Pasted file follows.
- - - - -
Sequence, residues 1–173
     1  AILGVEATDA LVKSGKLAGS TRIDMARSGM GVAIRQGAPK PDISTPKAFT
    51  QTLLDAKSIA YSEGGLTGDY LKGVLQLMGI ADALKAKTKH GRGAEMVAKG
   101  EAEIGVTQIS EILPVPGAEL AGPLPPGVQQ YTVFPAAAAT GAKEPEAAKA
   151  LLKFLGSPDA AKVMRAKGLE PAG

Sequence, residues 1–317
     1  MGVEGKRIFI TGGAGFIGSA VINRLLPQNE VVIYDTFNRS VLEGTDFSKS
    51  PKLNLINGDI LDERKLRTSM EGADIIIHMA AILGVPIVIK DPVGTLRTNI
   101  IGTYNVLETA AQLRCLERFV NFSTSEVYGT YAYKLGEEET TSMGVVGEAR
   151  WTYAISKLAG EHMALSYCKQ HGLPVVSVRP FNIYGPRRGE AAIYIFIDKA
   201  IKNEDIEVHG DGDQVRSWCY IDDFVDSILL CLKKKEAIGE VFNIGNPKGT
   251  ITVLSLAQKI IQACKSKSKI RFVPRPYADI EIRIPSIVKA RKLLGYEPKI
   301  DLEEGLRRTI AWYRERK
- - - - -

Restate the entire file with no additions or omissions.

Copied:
Sequence, residues 1–173
     1  AILGVEATDA LVKSGKLAGS TRIDMARSGM GVAIRQGAPK PDISTPKAFT
    51  QTLLDAKSIA YSEGGLTGDY LKGVLQLMGI ADALKAKTKH GRGAEMVAKG
   101  EAEIGVTQIS EILPVPGAEL AGPLPPGVQQ YTVFPAAAAT GAKEPEAAKA
   151  LLKFLGSPDA AKVMRAKGLE PAG

Sequence, residues 1–317
     1  MGVEGKRIFI TGGAGFIGSA VINRLLPQNE VVIYDTFNRS VLEGTDFSKS
    51  PKLNLINGDI LDERKLRTSM EGADIIIHMA AILGVPIVIK DPVGTLRTNI
   101  IGTYNVLETA AQLRCLERFV NFSTSEVYGT YAYKLGEEET TSMGVVGEAR
   151  WTYAISKLAG EHMALSYCKQ HGLPVVSVRP FNIYGPRRGE AAIYIFIDKA
   201  IKNEDIEVHG DGDQVRSWCY IDDFVDSILL CLKKKEAIGE VFNIGNPKGT
   251  ITVLSLAQKI IQACKSKSKI RFVPRPYADI EIRIPSIVKA RKLLGYEPKI
   301  DLEEGLRRTI AWYRERK